Simple. File the case in that county in Texas that seems to be good at adding massive punitive damages to these cases, so the infringer ends up on the hook for hundreds of millions (which gets reduced later by some other court, but is still a big enough number to mater).
  • AirTags catch United Airlines in lie about missing luggage

    omasou said:
    At no time was she smart enough to inform the police so that they could apprehend the United baggage handler who is stealing luggage?

    Instead she posts to Twitter to guaranteeing the perp will not be identified.
    Ah yes, when all else fails - blame the victim! Insult her intelligence for trying to get the airline charged with her belongings to handle it. 

    Had she gone to the police first you people would be saying she could have dealt with the business first. Roll eyes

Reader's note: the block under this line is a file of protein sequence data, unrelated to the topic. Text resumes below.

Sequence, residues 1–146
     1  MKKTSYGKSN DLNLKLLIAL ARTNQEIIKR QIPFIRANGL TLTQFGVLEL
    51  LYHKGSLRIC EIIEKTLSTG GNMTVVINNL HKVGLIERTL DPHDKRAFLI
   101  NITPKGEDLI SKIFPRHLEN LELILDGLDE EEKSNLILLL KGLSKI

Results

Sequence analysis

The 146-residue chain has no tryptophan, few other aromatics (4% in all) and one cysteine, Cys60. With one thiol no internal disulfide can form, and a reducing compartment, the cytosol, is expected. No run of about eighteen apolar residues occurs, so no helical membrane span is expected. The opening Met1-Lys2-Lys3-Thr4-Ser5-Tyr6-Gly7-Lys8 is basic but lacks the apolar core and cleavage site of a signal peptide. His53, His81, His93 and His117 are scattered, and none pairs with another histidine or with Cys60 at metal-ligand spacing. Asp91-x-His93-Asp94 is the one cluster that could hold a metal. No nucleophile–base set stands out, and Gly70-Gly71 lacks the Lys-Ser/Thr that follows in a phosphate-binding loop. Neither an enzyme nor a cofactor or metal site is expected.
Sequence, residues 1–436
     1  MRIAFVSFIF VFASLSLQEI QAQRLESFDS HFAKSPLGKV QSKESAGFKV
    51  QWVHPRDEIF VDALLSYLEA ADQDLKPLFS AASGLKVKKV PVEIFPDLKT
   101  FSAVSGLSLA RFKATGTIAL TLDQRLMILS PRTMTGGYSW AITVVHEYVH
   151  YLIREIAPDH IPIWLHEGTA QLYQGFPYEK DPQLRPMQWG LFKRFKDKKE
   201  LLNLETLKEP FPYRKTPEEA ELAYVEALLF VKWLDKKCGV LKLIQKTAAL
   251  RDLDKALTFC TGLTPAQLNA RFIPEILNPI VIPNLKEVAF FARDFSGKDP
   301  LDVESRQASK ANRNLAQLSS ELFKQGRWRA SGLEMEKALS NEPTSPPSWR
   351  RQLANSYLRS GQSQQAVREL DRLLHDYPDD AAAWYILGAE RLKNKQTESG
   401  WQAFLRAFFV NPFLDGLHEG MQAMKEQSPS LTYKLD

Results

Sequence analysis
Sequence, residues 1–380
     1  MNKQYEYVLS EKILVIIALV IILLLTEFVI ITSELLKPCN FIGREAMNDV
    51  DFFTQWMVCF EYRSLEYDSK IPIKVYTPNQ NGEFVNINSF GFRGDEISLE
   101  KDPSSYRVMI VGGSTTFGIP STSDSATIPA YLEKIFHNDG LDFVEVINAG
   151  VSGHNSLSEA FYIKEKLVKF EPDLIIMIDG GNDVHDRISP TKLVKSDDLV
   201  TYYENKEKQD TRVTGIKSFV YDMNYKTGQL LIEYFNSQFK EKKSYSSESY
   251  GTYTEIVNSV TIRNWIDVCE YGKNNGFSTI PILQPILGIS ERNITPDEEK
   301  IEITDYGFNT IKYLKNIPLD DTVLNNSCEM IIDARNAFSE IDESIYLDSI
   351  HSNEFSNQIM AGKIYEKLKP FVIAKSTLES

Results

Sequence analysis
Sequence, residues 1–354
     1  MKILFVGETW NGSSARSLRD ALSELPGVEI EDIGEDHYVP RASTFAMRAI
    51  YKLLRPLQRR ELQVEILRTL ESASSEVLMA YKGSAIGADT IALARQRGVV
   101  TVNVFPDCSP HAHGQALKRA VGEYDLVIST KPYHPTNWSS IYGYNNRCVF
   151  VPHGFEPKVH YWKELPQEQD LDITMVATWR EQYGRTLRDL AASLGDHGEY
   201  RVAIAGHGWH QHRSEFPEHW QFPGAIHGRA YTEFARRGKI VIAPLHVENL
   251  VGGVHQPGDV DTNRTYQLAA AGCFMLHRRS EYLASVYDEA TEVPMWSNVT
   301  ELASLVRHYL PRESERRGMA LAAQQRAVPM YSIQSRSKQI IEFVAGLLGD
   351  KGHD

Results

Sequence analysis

Umm, she got the bag back. It seemed it was with the delivery people and other than being slow and not informative of the process, a bag (likely a bunch of bags) did not make it to the luggage carrousel and and after a long delay, it was delivered to the owner in the end. Sometimes it is not a good idea to see how the sausage is made.

    I had bags sit at an airport where I missed my original connection and the bag was not placed on the next flight with me (and some fellow passengers). I saw the bag sit there for 3 days before the bag was finally forwarded to the local airport. I was unable ti reach a human being to actually tell them where the bags were, and the only time I was able to speak to someone who knew anything was watching the AirTag move form the airport to some commercial budding. I was able to streetview it and saw a courier sign on the building. I called the number on the sigh and spoke to the delivery people who confirmed they had he bag and were bringing it to the hotel.